At least once a month, the church of Sune holds a Grand Revel, a large party with dancing, poetry recitation, and heartrendingly beautiful or soulfully rousing music to which outsiders are invited with the intent to attract converts.

A Feast of Love is a more intimate, quiet affair, open only to the faithful, who lie on couches and indulge in liqueurs, appetizers, and sweet pastries while lone dancers perform. These dances are interspersed with readings of romantic verse, prose, and songs of love sung by skilled minstrels. Such rituals always break up into private gatherings, though bards are always on hand to relate tales of courtly love or mysteries of Faerûn for those who do not feel like socializing more privately.

Sunites also offer personal prayers to Sune by standing in a pool or bath and looking into a mirror lit only by natural light or candles. Sune sends guidance to them by visions visible in the mirror, often by altering the reflection of the worshiper in some way. The influx of adventurers into Sune’s clergy in recent years has reduced the huge former gender disparity in the church so that now females only outnumber males four to one.


Beauty is more than skin deep. It issues from the core of one’s being and reveals one’s true face to the world, fair or foul. Believe in romance, as true love will win overall. Follow your heart to your true destination. Love none more than yourself except Sune and lose yourself in love of the Lady Firehair. Perform a loving act each day and seek to awaken love in others. Respond to love at least once in a day. Encourage beauty wherever you find it. Acquire beautiful items of all sorts, and encourage, sponsor, and protect those who create them. Keep your own body as comely as possible and as attractively displayed as situations warrant. Let hairstyle and clothing best suit your personal appearance, striving to stir and delight others who look upon you. Moreover, hide not away, but always seek to present yourself to those around you in a pleasing variety of garbs and activities to move them with love and desire. Love those who respond to your appearance and let warm friendship and admiration flower where love cannot or dares not.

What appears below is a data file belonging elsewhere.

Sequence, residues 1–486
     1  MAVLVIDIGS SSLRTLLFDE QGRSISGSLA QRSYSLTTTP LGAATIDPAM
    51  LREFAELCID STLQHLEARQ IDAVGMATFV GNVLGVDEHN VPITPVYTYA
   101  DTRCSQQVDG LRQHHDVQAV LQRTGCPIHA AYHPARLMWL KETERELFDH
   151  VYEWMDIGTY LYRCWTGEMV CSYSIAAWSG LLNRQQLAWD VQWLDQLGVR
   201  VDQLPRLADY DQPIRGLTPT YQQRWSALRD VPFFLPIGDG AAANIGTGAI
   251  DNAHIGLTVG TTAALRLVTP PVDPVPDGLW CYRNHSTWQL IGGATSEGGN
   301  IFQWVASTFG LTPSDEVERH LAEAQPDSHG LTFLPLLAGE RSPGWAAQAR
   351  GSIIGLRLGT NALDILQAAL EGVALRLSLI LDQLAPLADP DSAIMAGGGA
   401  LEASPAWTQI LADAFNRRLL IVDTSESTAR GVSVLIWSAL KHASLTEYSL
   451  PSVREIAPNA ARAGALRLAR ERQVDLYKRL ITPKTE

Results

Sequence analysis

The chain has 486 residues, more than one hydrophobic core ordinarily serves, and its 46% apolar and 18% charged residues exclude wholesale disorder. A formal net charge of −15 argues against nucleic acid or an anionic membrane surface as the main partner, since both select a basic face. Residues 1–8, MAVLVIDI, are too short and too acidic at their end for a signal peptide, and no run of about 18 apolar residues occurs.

Sisters and Brothers of the Ruby Rose: A knightly order affiliated with the Church of Sune, made up of bards, fighters, and paladins. Their primary mission was to guard Sunite temples and holy sites, and occasionally accompany clerics doing good works or questing for something important to the Lady of Love. Initiation into the order was done by standing vigil in a temple of Sune for an entire night. If the goddess showed her favor by granting a vision or some other boon, the candidate was accepted into the order.

Notable Sunites

  • Adon of Sune
  • Histra of the Edificant Library
  • Taegan Nightwind
  • Joelle Emmeline


Sune’s history was mostly told in myth regarding her various romances and flirtations with other gods. Tales existed of her relationships with practically every god except Talos, Umberlee, Malar, Auril, Tempus, and Talona, whom Sune abhorred for their acts of destruction.